In a pot add 1 cup of dal to approximately 2.5 cups of water. Bring it to a boil before it is put on a medium flame partly covered. (We can always add more water if the water dries out and the dal is not yet cooked.)

Asafoetida – this is time you add them to the pot. Skip the step if it is not in the pantry. Asafoetida aids in digestion. It also adds a flavor which is distinct. This will help the dal to get the flavor of the asafoetida. If you have the compounded asafoetida, it needs to be powdered by keeping it between a kitchen towel and pounded with a masher. Use half an inch. One gets asafoetida powder as well. It doesn’t bring out the flavor as much as it should.

Cook till the dal is soft.

Step 3. Spice the dal.

This is where the spices meets the cooked dal. In another pot, heat a teaspoon of oil/butter. I use coconut oil. When the oil becomes hot, add mustard seeds, 1/4 of a teaspoon. It will splutter and pop. Now reduce the flame to the lowest point because this is the time you are going to add the rest of the spices. (No mustard seeds? Skip the step.)

If we are adding many spices keep it to a minimum – lesser than 1/4 of a teaspoon. Add finely minced garlic, ginger, cumin, green chilies/paprika (optional), fennel, and here is the time to be creative: asafoetida, fenugreek, turmeric powder. You can always mix and match the spices for dal.

What do you have in your pantry? We can work with that. But if one has only garlic and cumin and turmeric that is good as well. Increase the quantity of the cumin to half a teaspoon. Let it cook for a minute; let the cumin get toasted in the oil to bring out the flavor. Cook the garlic, but it will become dark if the heat is very high.

Add tomatoes (diced, because it helps to cook faster). This is the time to add them and let it cook till it is soft. We can add as much as we like or as little. Tomato adds the acidity that a dal requires.


Reduce the flame. Pour the cooked dal into the pot slowly so that it doesn’t create a hot splatter. Let everything mingle well for another 5-7 minutes on a medium flame. The pan cake consistency of the dal is what I prefer. If we add more water now, let it come to another boil.

Switch off the flame and let the dal rest for some time (at least 15 minutes) and the pot covered.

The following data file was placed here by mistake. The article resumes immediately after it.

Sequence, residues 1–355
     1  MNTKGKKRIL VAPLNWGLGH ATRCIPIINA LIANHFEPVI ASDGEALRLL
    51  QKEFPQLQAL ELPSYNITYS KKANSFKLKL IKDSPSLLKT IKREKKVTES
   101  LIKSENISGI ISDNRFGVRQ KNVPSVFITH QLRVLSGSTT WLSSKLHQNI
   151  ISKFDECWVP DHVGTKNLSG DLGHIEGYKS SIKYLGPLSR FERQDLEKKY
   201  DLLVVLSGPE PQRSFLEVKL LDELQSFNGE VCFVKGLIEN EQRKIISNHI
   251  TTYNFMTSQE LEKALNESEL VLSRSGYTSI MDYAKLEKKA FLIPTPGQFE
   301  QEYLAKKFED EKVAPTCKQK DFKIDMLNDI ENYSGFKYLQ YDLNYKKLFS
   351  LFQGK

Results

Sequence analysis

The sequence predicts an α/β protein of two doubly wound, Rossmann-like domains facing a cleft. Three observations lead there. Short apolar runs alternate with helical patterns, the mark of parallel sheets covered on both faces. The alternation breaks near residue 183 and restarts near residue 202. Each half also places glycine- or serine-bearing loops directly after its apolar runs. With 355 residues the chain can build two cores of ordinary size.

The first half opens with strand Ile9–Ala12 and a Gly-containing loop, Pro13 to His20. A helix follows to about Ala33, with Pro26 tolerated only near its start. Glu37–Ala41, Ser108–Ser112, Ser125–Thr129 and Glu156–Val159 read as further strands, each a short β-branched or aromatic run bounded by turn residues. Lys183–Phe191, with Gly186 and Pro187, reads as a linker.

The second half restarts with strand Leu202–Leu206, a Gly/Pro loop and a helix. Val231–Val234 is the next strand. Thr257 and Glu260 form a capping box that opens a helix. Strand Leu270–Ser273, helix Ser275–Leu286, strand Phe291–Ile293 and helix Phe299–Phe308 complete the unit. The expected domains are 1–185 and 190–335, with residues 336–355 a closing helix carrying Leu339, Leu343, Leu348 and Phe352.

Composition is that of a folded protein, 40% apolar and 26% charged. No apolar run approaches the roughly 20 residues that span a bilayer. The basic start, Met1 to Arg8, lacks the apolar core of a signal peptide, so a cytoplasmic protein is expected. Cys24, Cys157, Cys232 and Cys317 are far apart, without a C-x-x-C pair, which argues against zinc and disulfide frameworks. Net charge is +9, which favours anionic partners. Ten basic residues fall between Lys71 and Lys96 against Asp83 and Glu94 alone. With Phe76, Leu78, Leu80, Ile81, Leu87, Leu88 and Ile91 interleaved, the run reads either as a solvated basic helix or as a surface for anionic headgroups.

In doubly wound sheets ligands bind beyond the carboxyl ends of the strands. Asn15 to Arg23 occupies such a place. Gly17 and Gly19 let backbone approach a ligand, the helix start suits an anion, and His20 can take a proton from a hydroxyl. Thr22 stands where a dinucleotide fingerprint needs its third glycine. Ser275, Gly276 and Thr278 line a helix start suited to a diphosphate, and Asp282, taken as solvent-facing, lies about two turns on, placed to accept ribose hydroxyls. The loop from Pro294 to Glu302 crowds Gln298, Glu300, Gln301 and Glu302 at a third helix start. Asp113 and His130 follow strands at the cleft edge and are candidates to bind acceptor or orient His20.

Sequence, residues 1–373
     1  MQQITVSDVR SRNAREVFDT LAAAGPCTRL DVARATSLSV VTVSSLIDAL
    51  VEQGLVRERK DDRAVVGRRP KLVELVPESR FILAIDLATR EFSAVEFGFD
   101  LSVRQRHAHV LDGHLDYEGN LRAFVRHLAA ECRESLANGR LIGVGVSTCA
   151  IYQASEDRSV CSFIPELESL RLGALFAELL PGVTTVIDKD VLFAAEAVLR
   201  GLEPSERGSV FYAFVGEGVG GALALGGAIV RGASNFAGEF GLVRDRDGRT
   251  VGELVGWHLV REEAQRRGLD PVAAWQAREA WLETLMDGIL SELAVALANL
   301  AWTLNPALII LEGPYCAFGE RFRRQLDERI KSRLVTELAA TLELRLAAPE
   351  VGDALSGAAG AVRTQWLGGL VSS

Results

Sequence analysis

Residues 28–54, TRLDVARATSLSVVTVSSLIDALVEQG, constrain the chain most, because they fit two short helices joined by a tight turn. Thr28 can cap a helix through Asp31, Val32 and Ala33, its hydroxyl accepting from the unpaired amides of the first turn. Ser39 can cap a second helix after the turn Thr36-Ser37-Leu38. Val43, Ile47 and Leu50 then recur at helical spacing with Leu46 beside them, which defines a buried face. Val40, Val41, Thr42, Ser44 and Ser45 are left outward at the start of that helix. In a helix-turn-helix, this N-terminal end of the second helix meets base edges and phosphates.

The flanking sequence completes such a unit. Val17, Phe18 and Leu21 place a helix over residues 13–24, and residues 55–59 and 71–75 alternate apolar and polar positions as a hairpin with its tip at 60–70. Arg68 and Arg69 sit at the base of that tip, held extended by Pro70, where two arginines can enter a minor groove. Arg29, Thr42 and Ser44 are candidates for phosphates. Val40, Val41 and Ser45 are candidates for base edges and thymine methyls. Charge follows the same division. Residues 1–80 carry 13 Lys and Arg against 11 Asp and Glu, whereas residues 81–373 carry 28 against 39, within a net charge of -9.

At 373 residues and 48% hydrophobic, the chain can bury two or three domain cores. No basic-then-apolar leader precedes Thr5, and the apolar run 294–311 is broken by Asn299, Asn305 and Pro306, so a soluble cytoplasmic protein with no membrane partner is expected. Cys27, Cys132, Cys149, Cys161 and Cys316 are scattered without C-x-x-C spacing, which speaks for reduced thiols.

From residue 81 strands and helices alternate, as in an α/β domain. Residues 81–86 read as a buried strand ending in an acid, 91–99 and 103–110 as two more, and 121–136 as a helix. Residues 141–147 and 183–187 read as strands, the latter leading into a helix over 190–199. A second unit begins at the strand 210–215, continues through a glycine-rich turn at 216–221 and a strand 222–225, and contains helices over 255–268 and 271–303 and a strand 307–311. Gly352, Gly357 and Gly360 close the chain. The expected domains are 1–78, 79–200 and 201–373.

Do you like cilantro? Add them finely diced, stem and all of it. Cilantro completely changes the flavor of the dal.

She adds:

Have it with rice or drink it for soup.
There are times when I have added Basil pesto to boiled dal.
Also have added dal to tomato soup to give it some weight.
Added pasta sauce to dal, and had it with pasta.
There are 100 other ways of making dal and everyone of them is correct.

Don’t you love that last phrase? So … I soaked it overnight and boiled it in the morning. It took about 2.5 hours to get a thick, creamy consistency. I’m used to that from cooking so many other beans.

Since I don’t cook with added oil or fat, I proceeded to use the dal as a base for a thick stew, similar to my white bean paste.) The stew was made from the following vegetables, all fresh and finely diced: cabbage, green/string beans, red bell pepper, garlic, onion, tomatoes. I boiled the vegetables for about 5-7 minutes, added the cooked dal, added most of Anrosh’s spices, and about 2 teaspoons of tamari.  That was simmered an additional 10 minutes.

Here it is ready to be heated for dinner with some rice:


Gwyneth Paltrow’s Winter Detox

GwynethPaltrow2Gwyneth Paltrow, on her website Goop, has a winter detox posted for January:

“Our winter detox has looser guidelines and restrictions than ones we’ve done in the past, but here is what we’re avoiding: dairy, gluten, shellfish, anything processed (including all soy products), nightshades (potatoes, tomatoes, peppers and eggplant), condiments, sugar, alcohol, caffeine and soda.”


The recipes include these foods:

  • Almond milk
  • Heavy coconut cream (in a can)
  • Mint flavored liquid chlorophyll (nature’s way)
  • Spirulina powder
  • Protein powder
  • Stevia
  • Salt and pepper
  • Olive oil
  • Sesame oil
  • Chicken stock
  • Vegetable stock
  • Bone marrow broth
  • Seafood broth
  • Balsamic vinegar
  • White balsamic vinegar
  • White wine vinegar
  • Smoked pimentón

What counts as a processed food?  Most food, indeed all of the foods above, undergo some form of processing before we eat them.  If she’s going to say that, say, soy milk is excluded because it’s processed, why not almond milk?  Why not exclude all the stocks, broths, and vinegars?  Personally, I don’t see anything unhealthy about a broth or a milk made from soy or almond or coconut.  I think she needs to explain her definition of “processed” and then apply it more objectively.

Really, if there is any food on the planet that should fall under the heading of “processed” it’s protein powder, which she allows!  I mean, what is it?  You don’t even know, not by looking at it. You could be breaking her no-dairy, no-gluten, no-processed, no-soy, no-sugar, and no-caffeine rules all in one food.